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State Department launches Women and Public Service Initiative

Women and Public Service Initiative

Several leading women's colleges recently announced a partnership with the U.S. State Department aimed at increasing the participation of women worldwide in public service and political leadership, and at developing global solutions to improve governance, expand civil rights and combat corruption.

At the Women in the World Summit in New York City on March 11, U.S. Secretary of State Hillary Clinton introduced the Women and Public Service Initiative, under which Smith College, Wellesley College, Bryn Mawr College, Mount Holyoke College and Barnard College will collaborate with the State Department to present a conference later this year at Bryn Mawr, and to establish an annual summer institute for young women.

The conference at Bryn Mawr will be focused on forming a global network of women in public service, drawing attention to the need to encourage a new generation of female political leaders, and to advance partnerships, including an annual public service and political leadership institute.

"Together we will seek to promote the next generation of women leaders who will invest in their countries and communities, provide leadership for their governments and societies, and help change the way global solutions are developed. … We will marshal the data, we will make the case, and we will never stop working," Clinton said.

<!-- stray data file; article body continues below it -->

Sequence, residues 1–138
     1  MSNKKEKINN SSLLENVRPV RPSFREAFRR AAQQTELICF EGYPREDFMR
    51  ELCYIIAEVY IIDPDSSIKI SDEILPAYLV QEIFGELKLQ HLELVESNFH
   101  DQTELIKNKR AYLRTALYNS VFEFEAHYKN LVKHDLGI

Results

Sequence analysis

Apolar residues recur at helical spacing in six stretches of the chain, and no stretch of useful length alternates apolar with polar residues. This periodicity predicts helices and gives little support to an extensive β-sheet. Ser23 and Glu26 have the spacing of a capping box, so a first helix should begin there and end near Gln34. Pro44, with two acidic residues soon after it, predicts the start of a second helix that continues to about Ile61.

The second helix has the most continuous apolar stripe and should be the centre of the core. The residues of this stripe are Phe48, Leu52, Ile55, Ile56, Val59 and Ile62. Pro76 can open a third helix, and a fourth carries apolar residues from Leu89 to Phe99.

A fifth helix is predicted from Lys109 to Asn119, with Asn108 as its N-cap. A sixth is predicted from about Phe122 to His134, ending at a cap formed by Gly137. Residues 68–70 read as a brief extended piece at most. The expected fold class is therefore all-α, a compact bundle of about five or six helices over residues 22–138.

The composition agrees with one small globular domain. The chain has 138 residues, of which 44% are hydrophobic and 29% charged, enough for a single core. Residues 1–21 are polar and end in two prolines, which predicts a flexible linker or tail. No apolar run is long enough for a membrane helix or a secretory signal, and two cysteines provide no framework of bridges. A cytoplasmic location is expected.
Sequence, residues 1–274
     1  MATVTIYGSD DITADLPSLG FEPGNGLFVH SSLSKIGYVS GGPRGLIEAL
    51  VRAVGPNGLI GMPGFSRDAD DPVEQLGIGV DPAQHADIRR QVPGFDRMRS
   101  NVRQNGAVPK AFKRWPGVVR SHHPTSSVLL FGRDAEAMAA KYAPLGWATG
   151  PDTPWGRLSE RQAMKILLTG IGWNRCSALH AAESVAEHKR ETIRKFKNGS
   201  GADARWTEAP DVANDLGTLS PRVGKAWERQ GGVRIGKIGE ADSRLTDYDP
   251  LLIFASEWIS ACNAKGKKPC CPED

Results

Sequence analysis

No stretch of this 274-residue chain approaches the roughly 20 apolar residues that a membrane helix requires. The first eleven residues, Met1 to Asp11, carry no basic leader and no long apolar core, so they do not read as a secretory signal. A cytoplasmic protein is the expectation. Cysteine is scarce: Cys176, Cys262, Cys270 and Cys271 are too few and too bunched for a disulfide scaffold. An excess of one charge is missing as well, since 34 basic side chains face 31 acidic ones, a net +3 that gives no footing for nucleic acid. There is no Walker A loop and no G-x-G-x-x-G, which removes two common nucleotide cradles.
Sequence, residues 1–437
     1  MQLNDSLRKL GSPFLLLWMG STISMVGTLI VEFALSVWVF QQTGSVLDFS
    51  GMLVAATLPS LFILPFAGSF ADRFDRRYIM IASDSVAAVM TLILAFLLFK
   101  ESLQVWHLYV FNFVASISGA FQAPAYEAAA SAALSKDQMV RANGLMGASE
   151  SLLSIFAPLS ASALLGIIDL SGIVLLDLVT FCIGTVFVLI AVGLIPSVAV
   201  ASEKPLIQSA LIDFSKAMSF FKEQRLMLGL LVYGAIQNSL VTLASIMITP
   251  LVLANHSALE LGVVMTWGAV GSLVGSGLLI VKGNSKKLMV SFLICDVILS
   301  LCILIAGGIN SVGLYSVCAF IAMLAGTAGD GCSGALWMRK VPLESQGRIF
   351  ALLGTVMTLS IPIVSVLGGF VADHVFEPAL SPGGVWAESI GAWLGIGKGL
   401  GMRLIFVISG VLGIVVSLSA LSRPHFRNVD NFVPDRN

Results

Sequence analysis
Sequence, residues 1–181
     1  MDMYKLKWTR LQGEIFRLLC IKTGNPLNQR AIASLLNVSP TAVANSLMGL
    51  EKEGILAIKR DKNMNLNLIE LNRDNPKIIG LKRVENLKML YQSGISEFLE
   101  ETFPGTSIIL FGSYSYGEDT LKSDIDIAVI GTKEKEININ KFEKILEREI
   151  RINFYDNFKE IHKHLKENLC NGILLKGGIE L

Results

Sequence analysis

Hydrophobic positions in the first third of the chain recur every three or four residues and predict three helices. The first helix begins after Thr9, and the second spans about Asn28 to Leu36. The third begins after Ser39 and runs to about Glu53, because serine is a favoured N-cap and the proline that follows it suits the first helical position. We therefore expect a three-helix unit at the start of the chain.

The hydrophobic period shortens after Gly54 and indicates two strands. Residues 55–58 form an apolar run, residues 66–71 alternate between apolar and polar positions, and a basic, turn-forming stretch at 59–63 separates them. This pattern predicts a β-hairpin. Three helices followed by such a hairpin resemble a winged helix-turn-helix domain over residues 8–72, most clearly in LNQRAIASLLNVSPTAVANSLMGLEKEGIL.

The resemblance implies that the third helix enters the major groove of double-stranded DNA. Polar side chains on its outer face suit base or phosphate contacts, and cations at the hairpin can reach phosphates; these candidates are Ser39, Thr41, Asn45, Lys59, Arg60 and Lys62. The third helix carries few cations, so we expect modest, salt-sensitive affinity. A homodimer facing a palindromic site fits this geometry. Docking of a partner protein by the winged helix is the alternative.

Clinton said education for women can be linked directly to increases in income levels in developing countries, The Daily Beast's Lisa Miller reports. "Educated women have better health, lower rates of infant and maternal mortality, and a greater likelihood of getting a job outside the home," Miller writes. "When women earn and keep their own money, they spend more on their families and in their communities than men do, 'creating a positive impact on future development.' Especially in the Arab world, she said, citing the 2005 Arab Human Development Report [PDF file], empowering women is a 'prerequisite for an Arab renaissance.'"

"At a time when governments, NGO's, and businesses are increasingly recognizing how educating women and girls allays poverty and political instability, we need women leaders, committed to the public sector, from many nationalities and socioeconomic backgrounds, globally educated and prepared to lead," Smith College President Carol T. Christ said in a statement. "That is the venture on which we embark."